This king holds a golden eagle, symbol of St. John, or, the logos, or word of God:  the second of Christ's progressive influences on man. This is also a symbol of air,  another earthly element. Like the frankincense, it is studded with pearls, indicating that although the gift is sincere, it cannot escape earthly corruption.



 Juxtaposing the black and the white wise men in this manner emphasizes the idea that in the natural world, man exists in a universe of dualities and contradictions.



 The third of the wise men has considerably improved in terms of his spiritual search. No gaudy clothes are pearls adorn him; his hat, which does have pearls, has been removed and lies respectively before him on the ground. He presents himself, in other words, bareheaded and without pretensions.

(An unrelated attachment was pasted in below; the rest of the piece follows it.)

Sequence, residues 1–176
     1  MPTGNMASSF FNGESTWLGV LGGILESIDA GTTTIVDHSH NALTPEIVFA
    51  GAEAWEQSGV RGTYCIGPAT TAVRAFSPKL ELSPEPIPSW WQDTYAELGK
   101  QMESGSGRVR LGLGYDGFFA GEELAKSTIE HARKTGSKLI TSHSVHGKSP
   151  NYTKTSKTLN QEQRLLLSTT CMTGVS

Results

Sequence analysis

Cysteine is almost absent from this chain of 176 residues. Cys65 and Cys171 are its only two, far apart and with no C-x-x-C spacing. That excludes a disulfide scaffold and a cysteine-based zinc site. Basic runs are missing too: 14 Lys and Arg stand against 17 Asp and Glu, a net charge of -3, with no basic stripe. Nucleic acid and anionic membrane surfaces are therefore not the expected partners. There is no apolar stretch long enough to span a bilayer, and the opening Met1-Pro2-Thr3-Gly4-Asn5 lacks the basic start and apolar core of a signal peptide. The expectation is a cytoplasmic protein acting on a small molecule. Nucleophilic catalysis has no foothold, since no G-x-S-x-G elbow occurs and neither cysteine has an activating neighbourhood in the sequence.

He is furthermore kneeling, indicating a deeper degree of respect; and he is clothed in the red gown of one who is under more spiritual influences.


 This third wise man holds what is perhaps the most important valuable of the three gifts — myrrh,  the third stage of Christ's influence on man. Myrrh, an embalming herb, represents Christ's death. Because Myrrh is typically used as a liquid oil, it represents water, the last of the earthly elements, all found on the natural, or material, side of the tantric circle.


Bosch has made a subtle but brilliant symbolic observation here by studding the container with the myrrh in it with pearls. This suggests that the idea of Christ's death itself is a lie; His resurrection is implicit in the imagery, hidden in plain sight.


 There is even a message in the headgear of the three wise men. The first one wears an exaggerated turban and a crown; the second one has a smaller, less overstated single crown; and the third one's crown, although very elaborate, has been taken off and is on the ground. Taken together, the three pieces of headgear represent progressive stages in submission to Christ. hence the first wise man sees himself as the most important; the third, the least.